I started mountain biking in 1989. I showed up as a freshman at the University of Oregon sporting my super-sweet bright-yellow road bike. Being Eugene, this bike was immediately stolen, which left me needing a new ride. I replaced the skinny-tired bike with a mountain bike: the new Giant Butte.
The best things about this bike:
With a permanent marker, you could change the model name “Butte” to “Butt”. I got to spend my weekends riding around on my Giant Butt.
I instantly became a mountain biker and have been one ever since.
Through mountain biking, I can satisfy my love of progression. As a mountain bike skills coach since 2010, I get to be a voyeur of other peoples’ breakthroughs, ahha moments, and successes. I have a nearly unending supply of stoke from all the progression that surrounds me.
I’m also fueled by the progression I can take part in by building and maintaining trails. Being a trail steward is simple and satisfying in that you see the results immediately. Whenever you ride by the sewn tree you can think, “I did that.” Plus, I sort of feel like a badass when I start up a chainsaw.
Most of the mountain biking trails in my community exist due to volunteerism. I figure, if everyone does a bit to help in whatever way they can, we get to keep riding. Since I have free time, access to trail tools, and my chainsaw certification from the US Forest Service, trail work is my mode of contribution.
Putting E-bikes to work
Before riding an E-bike, I didn’t have a strong interest in riding one. When E-bikes first came out, they seemed more on the leisure-recreational-old-people-riding-to-a-picnic side of mountain biking. But after riding an E-MTB and experiencing all they have to offer; I immediately realized the potential for trail building.
During the COVID-19 lockdown I was out of work, but my husband (a professional trail builder and owner of Dirt Mechanics) was still busy building at Spence Mountain near Klamath Falls, Oregon. E-bikes are not only permitted on Spence Mountain, but some trails were even built with E-bikes in mind. I borrowed an E-bike and joined my husband on the job. When riding with full work gear—jeans, work boots, and a heavy pack, it was lovely to ride the E-bike to work and arrive “inspired not dog tired.” I would find myself riding indirect routes to get back to camp—work boots and all.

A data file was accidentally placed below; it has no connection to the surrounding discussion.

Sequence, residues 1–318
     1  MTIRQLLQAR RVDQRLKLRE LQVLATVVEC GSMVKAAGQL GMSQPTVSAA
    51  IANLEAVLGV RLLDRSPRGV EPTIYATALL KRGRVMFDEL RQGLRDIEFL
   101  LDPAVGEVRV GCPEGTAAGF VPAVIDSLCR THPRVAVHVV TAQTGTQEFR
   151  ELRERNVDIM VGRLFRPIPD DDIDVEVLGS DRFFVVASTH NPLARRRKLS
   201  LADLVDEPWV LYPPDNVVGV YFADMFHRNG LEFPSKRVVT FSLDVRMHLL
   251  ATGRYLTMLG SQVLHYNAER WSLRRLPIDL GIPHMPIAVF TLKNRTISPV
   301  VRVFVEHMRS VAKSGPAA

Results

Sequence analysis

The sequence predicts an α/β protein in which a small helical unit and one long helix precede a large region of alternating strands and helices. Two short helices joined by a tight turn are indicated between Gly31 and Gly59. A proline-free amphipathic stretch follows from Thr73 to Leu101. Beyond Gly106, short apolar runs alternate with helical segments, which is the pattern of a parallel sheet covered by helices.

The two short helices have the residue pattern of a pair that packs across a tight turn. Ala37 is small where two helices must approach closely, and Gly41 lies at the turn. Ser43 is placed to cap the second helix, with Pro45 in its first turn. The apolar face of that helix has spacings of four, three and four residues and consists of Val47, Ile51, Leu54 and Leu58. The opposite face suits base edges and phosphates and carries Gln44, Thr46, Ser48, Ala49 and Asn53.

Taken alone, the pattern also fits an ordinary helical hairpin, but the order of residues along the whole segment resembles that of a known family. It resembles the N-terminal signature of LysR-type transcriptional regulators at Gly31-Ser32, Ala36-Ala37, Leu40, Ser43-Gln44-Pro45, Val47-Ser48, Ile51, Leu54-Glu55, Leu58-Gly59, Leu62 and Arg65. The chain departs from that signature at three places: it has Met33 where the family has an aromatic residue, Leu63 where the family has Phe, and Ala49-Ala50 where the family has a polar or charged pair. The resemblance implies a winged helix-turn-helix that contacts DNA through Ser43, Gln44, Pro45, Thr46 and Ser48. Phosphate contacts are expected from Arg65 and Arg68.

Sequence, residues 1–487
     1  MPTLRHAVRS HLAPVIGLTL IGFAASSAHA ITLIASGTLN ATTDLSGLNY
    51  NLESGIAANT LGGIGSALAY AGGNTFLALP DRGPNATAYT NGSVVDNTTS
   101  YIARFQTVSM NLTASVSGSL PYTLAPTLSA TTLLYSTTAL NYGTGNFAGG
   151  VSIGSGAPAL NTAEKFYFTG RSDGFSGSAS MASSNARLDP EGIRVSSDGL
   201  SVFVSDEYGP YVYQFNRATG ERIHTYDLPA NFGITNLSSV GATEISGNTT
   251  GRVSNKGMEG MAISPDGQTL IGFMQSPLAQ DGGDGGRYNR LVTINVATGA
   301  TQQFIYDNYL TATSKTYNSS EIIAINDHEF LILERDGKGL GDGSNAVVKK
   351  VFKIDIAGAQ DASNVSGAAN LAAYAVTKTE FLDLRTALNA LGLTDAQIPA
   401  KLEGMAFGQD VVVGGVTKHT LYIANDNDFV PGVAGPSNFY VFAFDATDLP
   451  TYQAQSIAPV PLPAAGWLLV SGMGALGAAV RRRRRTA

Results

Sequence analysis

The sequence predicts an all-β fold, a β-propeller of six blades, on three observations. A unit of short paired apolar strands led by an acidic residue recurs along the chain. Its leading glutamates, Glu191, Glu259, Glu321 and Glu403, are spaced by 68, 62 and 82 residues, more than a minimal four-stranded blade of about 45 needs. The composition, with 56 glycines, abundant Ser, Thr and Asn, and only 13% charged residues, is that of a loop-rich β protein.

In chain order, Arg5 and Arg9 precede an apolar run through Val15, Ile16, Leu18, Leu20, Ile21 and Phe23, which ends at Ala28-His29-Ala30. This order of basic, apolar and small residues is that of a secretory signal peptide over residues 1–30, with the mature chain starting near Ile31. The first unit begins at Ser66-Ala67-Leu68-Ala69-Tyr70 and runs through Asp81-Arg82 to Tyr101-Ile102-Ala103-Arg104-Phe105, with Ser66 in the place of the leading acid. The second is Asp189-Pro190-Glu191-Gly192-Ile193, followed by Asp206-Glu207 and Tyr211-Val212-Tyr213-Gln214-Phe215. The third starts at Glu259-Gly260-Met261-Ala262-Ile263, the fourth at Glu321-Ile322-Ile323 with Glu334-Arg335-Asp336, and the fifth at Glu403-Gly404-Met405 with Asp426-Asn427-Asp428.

Another time a friend asked if I wanted to come help clear a trail with her. This trail was really steep and a bit remote and the thought of walking or riding my analog bike with my chainsaw kit sounded terrible. When someone reminded me that I could use an E-bike, suddenly it sounded like a fabulous adventure. I actually enjoyed the riding between the downed trees and didn’t mind my 50lb pack.
Without a doubt, E-bikes are a useful tool for building and maintaining trails. I have hiked and I have pulled a Bob Trailer with an analog bike to do trail work and both are very time consuming and tiring. With an E-bike, more trail work could be done per hour with happier trail volunteers.
Want to get involved? How to give back to the trails:
Join your local trail organization and volunteer. Even if trail work isn’t your thing, there are many ways to help. When I broke both my arms, I sat in the Central Oregon Trail Alliance (COTA) tent and signed up members, shared information, and gave out brochures. Use your strengths where you can. Trail organizations often need help with websites, accounting, fund raising, event management, and outreach.
Volunteer for work parties. The two biggest barriers to trail maintenance are knowledge and tools. Local trail organizations, like COTA, should have trail crew leaders to help educate and guide you at maintenance at trail work parties. And, if you don’t have the tools to do trail work, you’re in luck. At work parties, tools are available for volunteers to use. With some planning and materials, the barriers to trail work can be overcome.
See what training is available – it’s often free. I got my chainsaw certifications free through a partnership with COTA and the Forest Service. Your local trail organization may also offer training to become a trail crew leader.
Look for organizations building and maintaining trails professionally. Once you are immersed in the trail building/maintenance scene, have gained some experience, and you want to make some money doing it, look for the organizations building and maintaining trails professionally. Trail positions may be offered by the forest service, mountain bike parks, and other private entities.